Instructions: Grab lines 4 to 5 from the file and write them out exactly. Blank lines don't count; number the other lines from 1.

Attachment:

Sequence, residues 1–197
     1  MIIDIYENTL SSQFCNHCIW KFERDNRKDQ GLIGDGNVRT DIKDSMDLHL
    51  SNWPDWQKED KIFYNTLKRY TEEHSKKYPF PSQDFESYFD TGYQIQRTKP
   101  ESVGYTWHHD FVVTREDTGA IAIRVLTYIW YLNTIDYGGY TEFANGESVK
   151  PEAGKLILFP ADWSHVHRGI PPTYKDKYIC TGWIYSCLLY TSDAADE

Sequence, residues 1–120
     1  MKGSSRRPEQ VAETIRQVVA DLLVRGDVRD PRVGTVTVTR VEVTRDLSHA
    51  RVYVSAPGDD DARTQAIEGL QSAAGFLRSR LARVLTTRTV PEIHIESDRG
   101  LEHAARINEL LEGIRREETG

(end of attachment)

   101  ESVGYTWHHD FVVTREDTGA IAIRVLTYIW YLNTIDYGGY TEFANGESVK
   151  PEAGKLILFP ADWSHVHRGI PPTYKDKYIC TGWIYSCLLY TSDAADE